In 2016 the Mexicali Public Service Commission took over regulation of wastewater discharge from the Environmental Protection Department of the state of Baja California, increasing oversight.[3]

In 2009 California Governor Arnold Schwarzenegger signed a bill creating the New River Improvement Project. Funding was approved in 2016 for a scaled-down project that would encase the river in a pipe underground and reroute it away from Calexico.[3]

BoroughsEdit

The municipality of Mexicali, is divided into 14 administrative boroughs (Spanish: delegaciones) of which the city of Mexicali occupies 3 beside the city proper area; all boroughs are in turn divided into colonias or ejidos. These boroughs offer administrative services such as urban planning, civil registry, inspection, verification, public works and community development and are served by a delegado.

The boroughs of Mexicali Municipality city are:

  1. Los Algodones, located in the Valley Zone.
  2. Batáquez, located in the Valley Zone.
  3. Cerro Prieto, located in the Urban Zone, is part of the Mexicali metropolitan area.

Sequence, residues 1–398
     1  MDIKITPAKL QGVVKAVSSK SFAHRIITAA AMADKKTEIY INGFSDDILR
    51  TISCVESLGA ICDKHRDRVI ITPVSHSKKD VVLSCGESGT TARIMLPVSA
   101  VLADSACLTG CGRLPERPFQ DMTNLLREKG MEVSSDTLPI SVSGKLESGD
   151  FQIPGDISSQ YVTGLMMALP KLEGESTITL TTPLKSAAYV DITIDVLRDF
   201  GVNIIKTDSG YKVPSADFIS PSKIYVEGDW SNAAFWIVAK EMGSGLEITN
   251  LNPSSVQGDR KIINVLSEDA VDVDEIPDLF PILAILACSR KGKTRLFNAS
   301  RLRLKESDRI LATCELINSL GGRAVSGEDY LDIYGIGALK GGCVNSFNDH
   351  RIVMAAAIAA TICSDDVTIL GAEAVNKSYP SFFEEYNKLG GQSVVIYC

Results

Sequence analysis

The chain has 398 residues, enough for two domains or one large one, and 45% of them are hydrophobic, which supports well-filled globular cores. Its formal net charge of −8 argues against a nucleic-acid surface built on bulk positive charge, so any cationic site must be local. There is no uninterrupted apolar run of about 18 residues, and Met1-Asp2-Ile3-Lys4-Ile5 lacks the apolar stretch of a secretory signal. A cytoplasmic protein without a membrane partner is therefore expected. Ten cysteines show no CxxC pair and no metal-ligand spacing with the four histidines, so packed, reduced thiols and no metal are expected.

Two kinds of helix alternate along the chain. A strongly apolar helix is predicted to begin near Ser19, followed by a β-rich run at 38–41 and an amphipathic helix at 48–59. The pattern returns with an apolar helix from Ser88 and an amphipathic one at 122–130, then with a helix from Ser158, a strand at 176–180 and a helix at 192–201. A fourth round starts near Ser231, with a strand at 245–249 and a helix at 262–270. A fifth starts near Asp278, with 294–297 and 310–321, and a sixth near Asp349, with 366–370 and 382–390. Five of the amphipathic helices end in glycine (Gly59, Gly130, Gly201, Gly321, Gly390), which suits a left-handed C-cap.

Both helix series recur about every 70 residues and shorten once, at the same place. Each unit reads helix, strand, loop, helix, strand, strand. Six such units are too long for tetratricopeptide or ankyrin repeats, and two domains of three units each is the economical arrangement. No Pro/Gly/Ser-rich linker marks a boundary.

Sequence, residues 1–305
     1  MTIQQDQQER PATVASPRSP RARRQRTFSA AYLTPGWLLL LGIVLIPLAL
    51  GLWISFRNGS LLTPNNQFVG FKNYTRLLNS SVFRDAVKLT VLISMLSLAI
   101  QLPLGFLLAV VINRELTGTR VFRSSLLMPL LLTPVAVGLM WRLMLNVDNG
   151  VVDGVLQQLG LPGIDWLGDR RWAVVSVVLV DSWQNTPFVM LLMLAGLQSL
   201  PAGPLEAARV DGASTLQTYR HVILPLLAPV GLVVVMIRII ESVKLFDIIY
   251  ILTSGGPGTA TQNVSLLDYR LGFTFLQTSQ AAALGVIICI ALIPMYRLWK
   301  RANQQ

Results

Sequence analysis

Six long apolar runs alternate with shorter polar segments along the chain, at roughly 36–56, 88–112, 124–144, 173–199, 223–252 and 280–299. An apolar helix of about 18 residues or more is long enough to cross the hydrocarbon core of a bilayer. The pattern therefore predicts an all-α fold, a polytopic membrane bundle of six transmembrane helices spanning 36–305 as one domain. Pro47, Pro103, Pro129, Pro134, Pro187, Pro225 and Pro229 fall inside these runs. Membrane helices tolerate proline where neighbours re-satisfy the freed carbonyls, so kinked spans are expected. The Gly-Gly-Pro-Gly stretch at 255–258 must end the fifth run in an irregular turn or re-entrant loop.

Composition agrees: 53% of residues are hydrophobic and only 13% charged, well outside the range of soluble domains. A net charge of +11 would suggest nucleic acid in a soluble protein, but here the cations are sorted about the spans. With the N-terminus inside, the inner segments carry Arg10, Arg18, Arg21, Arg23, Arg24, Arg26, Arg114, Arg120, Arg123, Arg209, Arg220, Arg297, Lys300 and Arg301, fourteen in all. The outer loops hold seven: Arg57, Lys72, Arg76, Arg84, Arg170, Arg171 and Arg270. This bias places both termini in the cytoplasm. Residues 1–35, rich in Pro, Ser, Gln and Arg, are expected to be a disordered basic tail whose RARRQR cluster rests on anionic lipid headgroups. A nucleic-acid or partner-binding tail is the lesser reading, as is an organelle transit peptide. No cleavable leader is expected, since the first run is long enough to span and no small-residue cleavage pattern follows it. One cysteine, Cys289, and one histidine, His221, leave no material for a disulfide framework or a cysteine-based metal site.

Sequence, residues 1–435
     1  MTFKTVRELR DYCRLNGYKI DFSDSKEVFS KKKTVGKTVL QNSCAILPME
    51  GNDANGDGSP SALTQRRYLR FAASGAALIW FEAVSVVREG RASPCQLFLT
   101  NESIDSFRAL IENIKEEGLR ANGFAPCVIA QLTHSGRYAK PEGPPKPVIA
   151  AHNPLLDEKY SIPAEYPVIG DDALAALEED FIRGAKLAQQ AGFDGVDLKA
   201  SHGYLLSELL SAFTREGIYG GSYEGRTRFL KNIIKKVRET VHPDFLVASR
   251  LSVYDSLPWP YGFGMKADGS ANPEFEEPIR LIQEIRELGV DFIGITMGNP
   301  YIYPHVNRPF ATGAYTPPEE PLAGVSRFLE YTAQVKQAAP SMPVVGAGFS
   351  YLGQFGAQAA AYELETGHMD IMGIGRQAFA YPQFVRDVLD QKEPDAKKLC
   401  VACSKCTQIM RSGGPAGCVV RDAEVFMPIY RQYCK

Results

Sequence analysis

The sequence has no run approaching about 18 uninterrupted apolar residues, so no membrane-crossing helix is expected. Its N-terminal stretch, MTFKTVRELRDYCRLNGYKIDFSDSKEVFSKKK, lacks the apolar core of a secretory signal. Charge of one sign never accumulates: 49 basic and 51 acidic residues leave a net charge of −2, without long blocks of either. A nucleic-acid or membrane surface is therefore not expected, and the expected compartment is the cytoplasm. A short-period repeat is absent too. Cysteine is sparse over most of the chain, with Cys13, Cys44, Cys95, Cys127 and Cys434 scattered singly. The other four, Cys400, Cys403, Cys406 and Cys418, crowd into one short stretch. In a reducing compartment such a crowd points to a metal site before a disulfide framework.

4. Venustiano Carranza, located in the Valley Zone.
  5. Ciudad Morelos, informally known as Cuervos, located in the Valley Zone.
  6. Colonias Nuevas, informally known as Km 57, located in the Valley Zone.
  7. Progreso, located in the Urban Zone, is part of the Mexicali metropolitan area.
  8. Ejido Hermosillo, located in the Valley Zone.
  9. Estación Delta, located in the Valley Zone.
  10. Guadalupe Victoria, informally known as Km 43, located in the Valley Zone.
  11. González Ortega, informally known as Palaco, located in the Urban Zone, is part of the Mexicali metropolitan area.
  12. Hechicera, located in the Valley Zone.
  13. San Felipe, located in the Coastal Zone, to the south on the Gulf of California.
  14. Benito Juárez, informally known as Tecolotes, located in the Valley Zone.

The former borough (delegación) of Compuertas is located in the eastern part of the city of Mexicali.

Cities and townsEdit